I do understand that the ASX works up to three decimal points. What I would like to know is how one Australian dollar is divided by .nn For example: Shares in a company is shown as \$3.600, \$3.590, \$3.580. Can you please explain? Dexter

Shares listed on the ASX are quoted up to 3 decimal points as there are stocks that are priced below 1c. The lowest priced security on the ASX is 0.1c or \$0.001.

The price of these stocks move in 0.1c or \$0.001 increments all the way up to 10c. Thereafter the price increments are in 0.5c movements up to \$2.00.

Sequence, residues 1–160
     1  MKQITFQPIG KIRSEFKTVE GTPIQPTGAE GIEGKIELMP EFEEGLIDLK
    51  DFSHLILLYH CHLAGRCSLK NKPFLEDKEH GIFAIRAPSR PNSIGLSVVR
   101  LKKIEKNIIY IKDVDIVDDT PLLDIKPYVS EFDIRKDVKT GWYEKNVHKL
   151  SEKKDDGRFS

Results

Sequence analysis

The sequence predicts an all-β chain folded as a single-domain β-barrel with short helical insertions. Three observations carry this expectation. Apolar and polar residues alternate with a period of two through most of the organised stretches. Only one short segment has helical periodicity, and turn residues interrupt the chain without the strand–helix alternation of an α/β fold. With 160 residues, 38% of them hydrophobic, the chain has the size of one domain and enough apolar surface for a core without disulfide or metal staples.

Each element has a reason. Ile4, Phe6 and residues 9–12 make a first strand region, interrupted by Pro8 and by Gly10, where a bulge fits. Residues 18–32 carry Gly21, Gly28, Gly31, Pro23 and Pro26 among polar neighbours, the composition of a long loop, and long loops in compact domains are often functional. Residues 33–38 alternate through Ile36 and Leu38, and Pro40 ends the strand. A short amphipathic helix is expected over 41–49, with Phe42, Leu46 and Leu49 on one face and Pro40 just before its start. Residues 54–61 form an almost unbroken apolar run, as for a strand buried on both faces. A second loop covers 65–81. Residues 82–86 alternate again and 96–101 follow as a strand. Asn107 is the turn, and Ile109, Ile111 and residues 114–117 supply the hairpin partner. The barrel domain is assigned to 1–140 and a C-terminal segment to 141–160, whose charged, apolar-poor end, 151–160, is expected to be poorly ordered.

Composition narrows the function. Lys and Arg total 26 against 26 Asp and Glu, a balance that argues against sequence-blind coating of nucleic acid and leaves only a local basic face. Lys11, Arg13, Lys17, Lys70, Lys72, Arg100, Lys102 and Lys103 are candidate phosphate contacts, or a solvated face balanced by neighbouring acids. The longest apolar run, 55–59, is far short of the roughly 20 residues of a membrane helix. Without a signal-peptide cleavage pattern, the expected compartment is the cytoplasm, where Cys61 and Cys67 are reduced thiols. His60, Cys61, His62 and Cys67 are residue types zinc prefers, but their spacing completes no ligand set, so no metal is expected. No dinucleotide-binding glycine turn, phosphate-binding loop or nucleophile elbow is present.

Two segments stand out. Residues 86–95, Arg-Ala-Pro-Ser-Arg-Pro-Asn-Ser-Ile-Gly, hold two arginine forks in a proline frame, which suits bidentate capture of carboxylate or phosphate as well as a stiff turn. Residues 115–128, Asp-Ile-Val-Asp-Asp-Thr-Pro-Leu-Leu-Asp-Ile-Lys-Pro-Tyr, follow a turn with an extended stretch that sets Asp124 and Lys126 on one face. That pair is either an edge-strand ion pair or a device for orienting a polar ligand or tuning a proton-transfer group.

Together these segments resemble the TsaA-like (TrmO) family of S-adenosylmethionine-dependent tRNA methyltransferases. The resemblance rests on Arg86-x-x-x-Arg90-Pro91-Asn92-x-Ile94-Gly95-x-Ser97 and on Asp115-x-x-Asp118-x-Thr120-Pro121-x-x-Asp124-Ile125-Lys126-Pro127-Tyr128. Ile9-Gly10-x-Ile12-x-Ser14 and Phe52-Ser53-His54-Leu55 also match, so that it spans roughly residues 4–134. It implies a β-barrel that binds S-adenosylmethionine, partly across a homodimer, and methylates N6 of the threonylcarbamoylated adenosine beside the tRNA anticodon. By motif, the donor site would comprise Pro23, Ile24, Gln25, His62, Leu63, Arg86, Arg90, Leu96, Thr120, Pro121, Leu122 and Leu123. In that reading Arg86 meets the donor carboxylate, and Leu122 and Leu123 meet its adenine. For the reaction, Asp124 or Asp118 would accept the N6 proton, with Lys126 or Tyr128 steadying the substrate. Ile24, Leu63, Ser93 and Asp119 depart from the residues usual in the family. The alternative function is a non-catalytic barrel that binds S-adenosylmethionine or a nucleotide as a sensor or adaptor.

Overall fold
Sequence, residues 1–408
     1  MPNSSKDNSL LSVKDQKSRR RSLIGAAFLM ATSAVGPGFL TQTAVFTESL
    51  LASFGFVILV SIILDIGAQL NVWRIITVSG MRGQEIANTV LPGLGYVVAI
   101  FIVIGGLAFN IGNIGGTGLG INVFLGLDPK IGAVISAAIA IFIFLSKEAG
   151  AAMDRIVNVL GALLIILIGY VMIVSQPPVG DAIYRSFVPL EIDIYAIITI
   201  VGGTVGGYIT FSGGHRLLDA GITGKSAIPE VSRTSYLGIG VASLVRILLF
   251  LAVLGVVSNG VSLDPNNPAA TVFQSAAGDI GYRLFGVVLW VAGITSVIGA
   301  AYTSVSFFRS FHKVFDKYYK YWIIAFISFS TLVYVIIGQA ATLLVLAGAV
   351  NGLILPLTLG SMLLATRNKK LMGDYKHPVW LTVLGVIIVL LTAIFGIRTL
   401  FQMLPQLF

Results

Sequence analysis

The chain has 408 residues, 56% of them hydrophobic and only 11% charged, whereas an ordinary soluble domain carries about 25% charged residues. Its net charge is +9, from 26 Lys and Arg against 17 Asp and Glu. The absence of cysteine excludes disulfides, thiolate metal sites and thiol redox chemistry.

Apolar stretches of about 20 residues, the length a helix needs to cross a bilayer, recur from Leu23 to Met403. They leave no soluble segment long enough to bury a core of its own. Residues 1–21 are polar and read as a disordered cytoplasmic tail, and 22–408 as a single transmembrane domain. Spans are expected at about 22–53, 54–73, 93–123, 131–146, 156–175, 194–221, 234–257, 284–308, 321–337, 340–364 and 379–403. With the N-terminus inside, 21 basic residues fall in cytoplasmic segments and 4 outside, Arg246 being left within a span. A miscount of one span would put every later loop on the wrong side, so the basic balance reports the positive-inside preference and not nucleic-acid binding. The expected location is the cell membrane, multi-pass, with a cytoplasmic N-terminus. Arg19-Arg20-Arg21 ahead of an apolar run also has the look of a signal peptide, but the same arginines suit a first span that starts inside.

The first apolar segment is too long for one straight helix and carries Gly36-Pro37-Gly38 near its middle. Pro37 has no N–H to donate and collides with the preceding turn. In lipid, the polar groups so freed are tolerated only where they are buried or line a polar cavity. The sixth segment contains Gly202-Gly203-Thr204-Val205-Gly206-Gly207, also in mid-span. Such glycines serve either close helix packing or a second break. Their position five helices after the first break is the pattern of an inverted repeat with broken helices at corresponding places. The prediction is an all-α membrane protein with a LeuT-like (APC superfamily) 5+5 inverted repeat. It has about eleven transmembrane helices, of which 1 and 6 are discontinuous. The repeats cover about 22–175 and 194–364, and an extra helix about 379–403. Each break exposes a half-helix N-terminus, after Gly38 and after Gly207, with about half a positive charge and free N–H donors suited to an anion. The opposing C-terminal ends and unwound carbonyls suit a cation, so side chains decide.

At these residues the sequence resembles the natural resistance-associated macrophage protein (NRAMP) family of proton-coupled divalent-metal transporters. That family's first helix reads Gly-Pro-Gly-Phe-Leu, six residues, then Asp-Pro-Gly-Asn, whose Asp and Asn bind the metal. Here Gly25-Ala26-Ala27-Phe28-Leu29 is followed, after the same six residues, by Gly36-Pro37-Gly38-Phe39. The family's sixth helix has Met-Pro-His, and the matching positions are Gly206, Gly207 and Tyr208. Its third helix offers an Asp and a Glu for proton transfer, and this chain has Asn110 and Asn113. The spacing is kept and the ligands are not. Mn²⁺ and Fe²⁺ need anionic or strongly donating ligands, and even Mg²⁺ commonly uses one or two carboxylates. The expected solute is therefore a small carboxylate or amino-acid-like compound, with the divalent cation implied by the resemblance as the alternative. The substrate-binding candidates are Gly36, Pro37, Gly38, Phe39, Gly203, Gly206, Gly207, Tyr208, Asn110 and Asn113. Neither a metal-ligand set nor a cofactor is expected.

All stocks priced at \$2 and higher move in 1c increments.

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Therefore in the example that you gave, the stock can only move in 1c increments as it is priced above \$2.00, but if you were looking at a stock that was worth 21c, it would be quoted as \$0.210, but if it moved up to the next price increment it would be 21.5c which would be quoted as \$0.215.

Sean Nofal, amscotOnline Manager, Amscot Discount Stockbroking

Important Information

The views expressed in this article are those of Sean Nofal, amscotOnline Manager. Amscot Discount Stockbroking is a division of State One Stockbroking Ltd, a participant of the ASX Group. ABN 95 092 989 083. AFSL 247100

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